A former hospital worker found guilty of killing seven patients is also responsible for three other murders and one attempted murder, a spokesperson for the police told the news website novinky.cz. However, Petr Zelenka, who administered lethal doses of the drug heparin to patients at a hospital in Havlíčkův Brod, will not face more charges, as he is already serving a life sentence in prison.
A ceremony was held at the Czech Senate on Tuesday marking Holocaust Memorial Day. Hundreds of people who survived Nazi concentration camps attended the memorial, held on the 64th anniversary of the liberation of Auschwitz. Others in attendance were the Czech Republic’s chief rabbi Karol Sidon, the head of the Czech Roman Catholic church, Cardinal Miloslav Vlk, and the new minister of human rights and minorities, Michael Kocáb.
The ice hockey star Jaromír Jágr is in the Czech Republic’s squad for the Swedish Games, part of the four-nation Euro Hockey Tour. Czech coach Vladimír Růžička said Jágr’s availability was excellent news as it gave his team a greater chance of winning their first event on the tour this season. The Omsk forward’s first international tournament since 2006 is also good news for Czech hockey officials, who can expect a considerably bigger gate for a game against Finland at Prague’s O2 Arena next Thursday.
President Václav Klaus has discussed plans for Pope Benedict XIV’s visit to the Czech Republic later this year with the country’s papal nuncio, Diego Causero. The pontiff is expected to spend three days in the Czech Republic in the latter part of September, though no official dates have yet been released. Leaders of the Czech Roman Catholic church have proposed that Pope Benedict begin his visit on September 27, meaning he would be in the country for St Wenceslas’s day, which is September 28. His predecessor Pope John Paul II came to the Czech Republic three times.
President Václav Klaus has signed into law a new Penal Code featuring several significant changes, including reducing the age of criminal responsibility from 15 to 14 and increasing sentences for serious crimes and corruption. It also classifies new crimes like stalking, certain types of drug taking in sport and animal negligence. However, the minister of justice, Jiří Pospíšil, is already planning an amendment to return the age of age of criminal responsibility to 15, at the request of the Christian Democrats, who said they would not vote for the new code otherwise.
Europe’s biggest maker of pianos, Petrof in Hradec Kralové, has laid off 82 workers. At the start of this month the company said it was planning to make half of its staff of nearly 400 redundant, due to the impacts of the global financial crisis. Petrof, which began producing pianos in the 1860s, exports 95 percent of its output.
A public memorial was held in Prague on Tuesday for the architect Jan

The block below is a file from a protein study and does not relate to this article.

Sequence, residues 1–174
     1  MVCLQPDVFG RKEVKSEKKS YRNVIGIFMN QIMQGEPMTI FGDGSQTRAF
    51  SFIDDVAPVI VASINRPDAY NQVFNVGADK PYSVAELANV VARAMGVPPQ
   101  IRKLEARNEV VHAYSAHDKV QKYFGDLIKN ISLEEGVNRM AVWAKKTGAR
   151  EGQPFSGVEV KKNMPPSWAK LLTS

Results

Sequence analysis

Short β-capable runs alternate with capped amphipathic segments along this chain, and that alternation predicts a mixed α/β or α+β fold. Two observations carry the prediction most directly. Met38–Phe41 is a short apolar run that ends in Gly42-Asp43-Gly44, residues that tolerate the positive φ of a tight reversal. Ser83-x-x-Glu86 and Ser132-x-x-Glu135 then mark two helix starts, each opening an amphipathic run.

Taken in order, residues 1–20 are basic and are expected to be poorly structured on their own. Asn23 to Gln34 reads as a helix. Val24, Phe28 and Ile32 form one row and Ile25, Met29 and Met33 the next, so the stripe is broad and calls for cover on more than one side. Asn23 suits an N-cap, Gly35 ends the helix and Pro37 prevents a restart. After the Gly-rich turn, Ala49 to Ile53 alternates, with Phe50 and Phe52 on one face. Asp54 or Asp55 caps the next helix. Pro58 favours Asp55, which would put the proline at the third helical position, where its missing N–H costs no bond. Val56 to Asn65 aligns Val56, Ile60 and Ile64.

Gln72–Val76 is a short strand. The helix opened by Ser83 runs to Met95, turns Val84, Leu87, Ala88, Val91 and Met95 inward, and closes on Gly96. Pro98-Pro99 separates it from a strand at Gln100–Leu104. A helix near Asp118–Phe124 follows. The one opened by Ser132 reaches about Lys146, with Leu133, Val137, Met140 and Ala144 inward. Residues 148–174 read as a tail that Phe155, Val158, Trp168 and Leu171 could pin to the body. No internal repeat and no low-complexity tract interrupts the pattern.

Kaplický, who died suddenly two weeks ago at the age of 71. Among a number
of speakers at the ceremony at the Prague Crossroads deconsecrated church
was Dagmar Havlová, wife of Václav Havel, who read a letter from the
former president to Mr Kaplický’s daughter Johanka to be read on the
girl’s 12th birthday; she was born just hours before her father’s
death. The architect’s family have organised a private funeral and have
not released any details.
Jan Kaplický, who was born in Prague and spent much of his life in London, was the founder of the innovative Future Systems design studio. He is perhaps best known for the Selfridges building in Birmingham and the media centre at the Lord’s Cricket Ground in the British capital.
The lower house of the Czech Parliament is postponing a debate planned for
next Tuesday on ratifying the European Union’s Lisbon treaty, the
chairman of the Chamber of Deputies, Miloslav Vlček, told reporters. The
matter had already been postponed once, in December. The lower house is now
set to discuss Lisbon after meetings of its foreign affairs and
constitutional-legal committees planned for February 15.
Even if it is ratified in Parliament, the Czech president, Václav Klaus, has indicated he will not sign the EU’s reform treaty unless it is approved by Ireland; Irish voters rejected Lisbon in a referendum last June and are due to vote on it again this year.
Ten police officers are standing trial in one of the biggest-ever corruption cases involving the Czech police force. The traffic officers in question made money on the side by pocketing fines and not writing out receipts, or by demanding bigger sums for serious transgressions. The suspects allegedly not only covered for each other, but demanded more money from drivers on the argument their colleagues needed to be paid off as well. The affair came to light after a driver complained to the officers’ superiors - who had their police cars bugged. If found guilty, the suspects could each face up to five years in prison.
Chairing a meeting of EU foreign ministers on Monday, the Czech foreign minister Karel Schwarzenberg, said it would be up to each member state to decide whether or not it would help the Obama administration by taking in prisoners from Guantanamo prison. Although the EU has welcomed President Barack Obama’s decision to close the prison within a year, EU members are divided on whether they would be ready to accept former inmates. The Netherlands and Austria have said they are not ready to do so, citing tricky legal issues, while the German government is split on the issue. The Czech foreign minister said Prague would deal with the matter if and when it was asked by the US administration.
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